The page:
One thing that I’ve noticed the profession of librarianship talk about and/or think about and/or explore over the past decade that I’ve been a librarian is our identity. My role now, as an informationist, is a direct example of this exploration. Informationists are another kind of librarian – another way that we’re doing our job. We try on different names a lot. It’s one strategy for trying to sell our skills and our value to others, oftentimes new groups and/or patrons. As such, we spend a lot of time explaining what we do.

I was in a meeting just this morning where I was asked directly, “So what is it that you’re doing, specifically, for the CER group?” I was asked a very similar question on Tuesday, while giving my lecture to the graduate class on Team Science. It also happened in a meeting last Thursday. It happened in a conversation I was having with a church member the other night. It happens at the supper table on a fairly regular basis. “What is it that you do again?”

I used to think that this was simply a side effect of being a librarian. It’s a profession with such a strong stereotype that whenever I’d share something about my day with someone, s/he would be taken a little aback. When I say, “I couldn’t check out a book to you if I had to,” people are aghast. I say that I do a lot of information and knowledge management, but that jargon (as I was reminded this morning) means little of nothing to most people. I’ve come to see, in my line of work, that what people really want to know is the answer to the question, “What do you do and how will it help me?”

But what I’ve also come to see in my new line of work that takes me out of the library and into the worlds of my patrons, is that my patrons also struggle a lot with answering that same question. Just the other day, I heard a researcher say, “Nobody knows what the hell I do!” And inside, I shouted to myself, “WE’RE NOT ALONE!!”

And it’s true. Do you really know – do your really understand – what your friends, family members, colleagues, or patrons do? As an aside, I always wondered what Ward Cleaver and Steven Douglas did when they went off to the office. My parents were teachers, so I knew what they did, but what the heck did people do in offices all day? I had no idea. Similarly, I can stand on the new sidewalk and look up at the new research building on my campus and wonder just what’s going on in those labs.

As an informationist and/or embedded librarian, one of the skills I’m learning to master is interviewing. Part of a good interview involves clearly explaining to the researchers what I do. This involves practice. I need to think about it (a lot), talk about it with others, make sure that I’m making sense to people both in and outside of my profession. A good interview also involves my being flexible. I need to turn the tables on the researchers and ask them, “What do YOU do?,” and then, as I listen to their answers, I need to be able to think critically and creatively about when and where and how I can insert my skills and expertise into their work. I need to really be able to answer the question, “Where do I fit here?” I’m getting better with this as I do it more, as I’m gaining practice on and off the field.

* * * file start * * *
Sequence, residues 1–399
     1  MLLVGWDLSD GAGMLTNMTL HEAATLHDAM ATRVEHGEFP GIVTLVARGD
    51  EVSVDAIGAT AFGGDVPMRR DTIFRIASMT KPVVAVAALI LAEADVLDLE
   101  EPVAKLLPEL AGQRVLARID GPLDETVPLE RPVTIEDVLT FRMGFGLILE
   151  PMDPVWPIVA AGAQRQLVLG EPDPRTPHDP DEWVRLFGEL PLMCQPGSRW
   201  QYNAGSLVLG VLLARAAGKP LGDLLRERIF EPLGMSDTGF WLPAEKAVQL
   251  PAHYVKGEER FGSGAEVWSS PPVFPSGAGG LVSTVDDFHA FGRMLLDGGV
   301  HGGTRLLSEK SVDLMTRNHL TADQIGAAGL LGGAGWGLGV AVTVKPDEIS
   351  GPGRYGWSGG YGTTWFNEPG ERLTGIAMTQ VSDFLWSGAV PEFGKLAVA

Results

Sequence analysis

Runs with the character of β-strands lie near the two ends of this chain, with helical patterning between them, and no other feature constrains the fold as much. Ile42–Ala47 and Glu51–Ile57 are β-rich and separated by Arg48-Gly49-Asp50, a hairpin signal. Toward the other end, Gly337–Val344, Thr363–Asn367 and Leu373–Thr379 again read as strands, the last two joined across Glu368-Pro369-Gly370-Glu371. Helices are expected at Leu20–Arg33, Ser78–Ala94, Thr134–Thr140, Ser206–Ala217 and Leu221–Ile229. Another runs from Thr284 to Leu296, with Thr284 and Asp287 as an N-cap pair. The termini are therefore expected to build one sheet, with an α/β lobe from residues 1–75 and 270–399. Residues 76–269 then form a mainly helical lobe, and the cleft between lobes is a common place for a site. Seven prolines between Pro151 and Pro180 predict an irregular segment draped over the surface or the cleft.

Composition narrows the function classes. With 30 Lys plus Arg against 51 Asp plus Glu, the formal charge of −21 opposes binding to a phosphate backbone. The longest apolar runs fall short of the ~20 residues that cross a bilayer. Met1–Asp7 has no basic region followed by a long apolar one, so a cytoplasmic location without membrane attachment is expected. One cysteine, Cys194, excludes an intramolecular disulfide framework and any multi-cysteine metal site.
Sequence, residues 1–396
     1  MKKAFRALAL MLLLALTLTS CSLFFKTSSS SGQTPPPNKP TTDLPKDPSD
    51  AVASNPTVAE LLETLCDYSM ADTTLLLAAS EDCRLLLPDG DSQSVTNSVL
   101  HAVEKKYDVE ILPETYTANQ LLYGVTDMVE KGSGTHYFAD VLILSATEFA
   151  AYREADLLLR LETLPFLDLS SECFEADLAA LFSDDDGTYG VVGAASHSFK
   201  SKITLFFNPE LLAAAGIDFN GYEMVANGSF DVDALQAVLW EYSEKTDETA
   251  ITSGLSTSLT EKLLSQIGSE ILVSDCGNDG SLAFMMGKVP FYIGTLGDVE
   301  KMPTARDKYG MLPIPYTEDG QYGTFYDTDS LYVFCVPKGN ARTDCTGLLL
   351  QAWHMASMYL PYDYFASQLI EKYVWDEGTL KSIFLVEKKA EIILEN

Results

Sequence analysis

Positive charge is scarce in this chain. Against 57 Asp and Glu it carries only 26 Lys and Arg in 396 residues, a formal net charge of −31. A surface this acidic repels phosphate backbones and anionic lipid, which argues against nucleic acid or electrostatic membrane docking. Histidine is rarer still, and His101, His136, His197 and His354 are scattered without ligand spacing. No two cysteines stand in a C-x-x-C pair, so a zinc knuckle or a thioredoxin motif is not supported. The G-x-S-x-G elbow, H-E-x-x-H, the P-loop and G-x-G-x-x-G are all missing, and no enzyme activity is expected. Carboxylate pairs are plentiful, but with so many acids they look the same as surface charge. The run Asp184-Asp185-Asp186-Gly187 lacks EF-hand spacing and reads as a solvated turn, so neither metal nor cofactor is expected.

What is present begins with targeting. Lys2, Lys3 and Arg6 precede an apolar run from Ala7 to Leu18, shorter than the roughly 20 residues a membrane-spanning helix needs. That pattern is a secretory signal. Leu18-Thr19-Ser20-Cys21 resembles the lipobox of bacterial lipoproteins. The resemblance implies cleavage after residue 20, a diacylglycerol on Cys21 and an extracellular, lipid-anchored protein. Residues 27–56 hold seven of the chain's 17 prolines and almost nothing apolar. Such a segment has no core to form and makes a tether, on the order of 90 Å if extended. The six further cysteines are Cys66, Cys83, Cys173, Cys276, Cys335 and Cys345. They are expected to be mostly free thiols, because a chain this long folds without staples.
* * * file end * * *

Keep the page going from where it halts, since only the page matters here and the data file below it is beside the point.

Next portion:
But the real nugget of new-found knowledge that I want to share here today is this… we’re not alone. The people that we’re trying to help, struggle as much as we do in explaining what they do to others. We can make that easier for them in the interview. I asked a cardiologist last week, “What is that?” while pointing to these two medical devices that he had framed on his wall, looking liked crossed sabers. And in explaining what they were, I learned a lot about what he does. Changing the tone of the conversation, making it more personable and comfortable and often times less formal, helps both parties involved understand one another better. I wrote a couple of  posts back about empathy. That’s what this is – putting one’s self maybe not so much in another’s shoes, but in the same room and on the same level. Being part of the team.

It’s been a big week out of the library. Teaching the Team Science class went really well. I found a couple of other good opportunities for collaboration. I’m exploring another possible grant-funded part on a research team that looks really promising. And by golly, yesterday I spent the last hour of my day figuring out the H-index for an author based upon a long list of his citations he sent me, i.e. some good old fashioned librarian work! It’s still winter and we’re wearing a bunch of hats!